"clothes on, no oil, pain gone™"

No oil is used and clients remain loosely clothed- no jeans, please.


This modality has roots in Eastern modalities including Barefoot Shiatsu Massage, Chavutti Thirumal, Karali, TuiNa, LomiLomi; and from Western manual medicine including Deep Tissue, Myofascial Release, Trigger Point Therapy, transverse friction, compression, tension, shear, PNF, stretching and other techniques.

For those clients whose demands are far beyond the limits of 'skin polishing' and 'moisturizing', and desire true Deep Work, there is...
Barefoot Deep Tissue DVD by John Harris
Link to YouTube video clip of barefoot deep tissue from Fix Pain DVD
Our YouTube channel has been demonetized by Google, so we are moving to another provider soon.


1. Fred Kenyon & John Harris, Fix Pain: Bodywork Protocols for Myofascial Pain Syndromes © 2002, Press4Health Press
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2. If a bodyworker claims that barefoot massage on a mat is "uncomfortable, rigorous and rough", then they are not a good barefoot massage therapist. If a bodyworker claims to use centrifugal or centripetal forces, ask him or her what will be spinning during your session (besides rhetoric). However Watsu and acro-yoga can employ these forces.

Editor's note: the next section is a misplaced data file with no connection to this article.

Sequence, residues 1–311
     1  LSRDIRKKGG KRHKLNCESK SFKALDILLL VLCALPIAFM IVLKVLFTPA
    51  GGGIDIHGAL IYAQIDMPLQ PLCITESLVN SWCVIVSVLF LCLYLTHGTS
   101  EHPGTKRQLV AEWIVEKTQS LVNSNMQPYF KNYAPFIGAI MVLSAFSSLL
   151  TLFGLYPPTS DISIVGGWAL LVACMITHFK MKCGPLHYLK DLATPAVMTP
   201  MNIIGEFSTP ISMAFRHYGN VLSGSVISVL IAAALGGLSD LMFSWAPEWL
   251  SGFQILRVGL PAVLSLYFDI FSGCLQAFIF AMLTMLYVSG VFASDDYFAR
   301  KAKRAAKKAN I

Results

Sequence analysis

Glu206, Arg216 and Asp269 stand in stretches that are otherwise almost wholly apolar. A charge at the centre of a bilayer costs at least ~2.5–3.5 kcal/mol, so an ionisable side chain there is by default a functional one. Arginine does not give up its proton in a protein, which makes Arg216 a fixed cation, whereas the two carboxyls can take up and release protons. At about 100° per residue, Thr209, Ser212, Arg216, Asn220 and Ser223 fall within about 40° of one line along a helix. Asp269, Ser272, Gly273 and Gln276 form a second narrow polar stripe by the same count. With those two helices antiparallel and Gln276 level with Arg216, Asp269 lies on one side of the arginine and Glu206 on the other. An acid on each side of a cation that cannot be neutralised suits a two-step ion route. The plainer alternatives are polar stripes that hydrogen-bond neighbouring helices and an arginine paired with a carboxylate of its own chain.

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3. John Harris.
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4. Lauriann Greene, Robert A. Greene. Save Your Hands! Injury Prevention for Massage Therapists Gilded Age Press; 1st edition (April 11, 2000), ISBN-10: 0967954908, ISBN-13: 978-0967954905
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5. 2008 AMTA Industry Survey. 2009 Massage Therapy Industry Fact Sheet. Viewed 2009-03-09 from http://www.amtamassage.org/news/MTIndustryFactSheet.html
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1. Photo photo of barefoot therapy on upper trapezius
© Fix Pain, used with permission
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2. Sample Page from Fix Pain book by John Harris and Fred Kenyon showing back muscles
© Fix Pain, used with permission
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3. Photo photo of barefoot therapy on posterior serratus
© Fix Pain, used with permission
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4. Photo by Rebecca 2007
Paul barefoot deep tissue massage at iMadonnari in Santa Barbara
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5. Screenshot of YouTube video by Trisoma